Preventing Disaster: Realizing Vulnerabilities and Looking Forward
The past 16 months have seen major disasters in Asia, Africa, and the Americas. Hundreds of thousands of people have died and millions have had their lives changed forever. Some attention has focused on a possible increase in the frequency of natural...
Religion and the State: Why Moderate Religious Teaching Should Be Promoted
Should the US government and the international community actively promote religion overseas, especially in the Islamic world? Such an approach may seem wrong on many grounds. Religion is a major force driving jihadists in the Middle East, and separation...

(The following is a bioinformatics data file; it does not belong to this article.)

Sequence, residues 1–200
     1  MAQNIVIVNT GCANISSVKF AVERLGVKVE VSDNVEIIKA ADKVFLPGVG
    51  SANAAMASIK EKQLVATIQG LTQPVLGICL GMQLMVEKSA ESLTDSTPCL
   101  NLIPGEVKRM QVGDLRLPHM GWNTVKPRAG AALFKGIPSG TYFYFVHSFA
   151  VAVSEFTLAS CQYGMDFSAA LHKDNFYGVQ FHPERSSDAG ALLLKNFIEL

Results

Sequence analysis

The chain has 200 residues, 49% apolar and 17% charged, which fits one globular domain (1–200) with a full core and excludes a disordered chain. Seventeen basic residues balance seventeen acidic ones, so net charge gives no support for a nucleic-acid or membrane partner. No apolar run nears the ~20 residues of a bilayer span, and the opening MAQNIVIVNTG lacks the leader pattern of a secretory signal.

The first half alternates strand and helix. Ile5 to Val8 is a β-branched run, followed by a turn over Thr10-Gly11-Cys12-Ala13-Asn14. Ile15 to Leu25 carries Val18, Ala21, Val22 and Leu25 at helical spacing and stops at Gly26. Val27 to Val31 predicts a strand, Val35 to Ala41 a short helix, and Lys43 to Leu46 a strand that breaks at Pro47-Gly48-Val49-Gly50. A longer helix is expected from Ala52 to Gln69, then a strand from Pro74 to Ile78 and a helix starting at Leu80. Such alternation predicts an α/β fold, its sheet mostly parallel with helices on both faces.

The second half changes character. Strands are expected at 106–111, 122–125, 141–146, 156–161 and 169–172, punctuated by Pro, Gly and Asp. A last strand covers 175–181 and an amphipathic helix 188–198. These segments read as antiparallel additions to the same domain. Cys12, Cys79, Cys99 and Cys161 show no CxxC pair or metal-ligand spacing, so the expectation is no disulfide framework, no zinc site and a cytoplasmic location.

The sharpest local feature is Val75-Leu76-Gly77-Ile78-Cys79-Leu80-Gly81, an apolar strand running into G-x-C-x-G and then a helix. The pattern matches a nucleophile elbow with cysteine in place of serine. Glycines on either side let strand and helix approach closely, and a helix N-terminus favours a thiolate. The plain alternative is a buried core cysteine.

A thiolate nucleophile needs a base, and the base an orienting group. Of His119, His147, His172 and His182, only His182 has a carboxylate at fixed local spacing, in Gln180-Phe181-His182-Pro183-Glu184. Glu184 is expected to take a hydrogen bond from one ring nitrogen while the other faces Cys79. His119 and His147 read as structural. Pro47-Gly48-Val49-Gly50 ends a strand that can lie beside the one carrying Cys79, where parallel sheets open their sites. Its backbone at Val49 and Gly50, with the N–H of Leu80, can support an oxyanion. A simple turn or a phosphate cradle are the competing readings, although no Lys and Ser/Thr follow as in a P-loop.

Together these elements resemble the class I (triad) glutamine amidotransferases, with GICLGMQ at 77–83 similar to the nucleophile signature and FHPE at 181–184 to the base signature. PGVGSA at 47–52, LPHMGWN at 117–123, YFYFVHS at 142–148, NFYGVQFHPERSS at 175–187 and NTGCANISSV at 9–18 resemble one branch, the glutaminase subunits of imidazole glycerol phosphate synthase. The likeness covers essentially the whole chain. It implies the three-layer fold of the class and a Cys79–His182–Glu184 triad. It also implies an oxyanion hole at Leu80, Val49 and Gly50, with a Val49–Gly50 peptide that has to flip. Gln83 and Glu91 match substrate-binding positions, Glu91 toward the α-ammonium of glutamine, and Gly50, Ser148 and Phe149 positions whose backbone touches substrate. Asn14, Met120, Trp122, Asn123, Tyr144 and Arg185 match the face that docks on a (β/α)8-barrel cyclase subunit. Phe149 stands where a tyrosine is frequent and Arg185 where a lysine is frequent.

Tackling Terror: Australia's Steps for Security
The apprehension of 16 terror suspects in Australia's two major cities serves as a timely reminder about the costs associated with the War on Terror. In early November 2005, federal police foiled a potentially large-scale attack after 500 police officers...
The Capitol's Cold War: Donald R. Wolfensberger Reviews Congress and the Cold War
Looking back on the Cold War today, 15 years after the fall of the Soviet empire, a first-year college student might ask a professor, "What was that all about?" Indeed, even at the height of the nearly half-century struggle between East and West, there...
The Sarkozy Factor: France's Big Decision
The French political world appears to be ready for change. At issue is not just the non vote in the referendum for the European Constitution in May 2005: discontent soars over the relatively dismal performance of the economy, debate rages over the...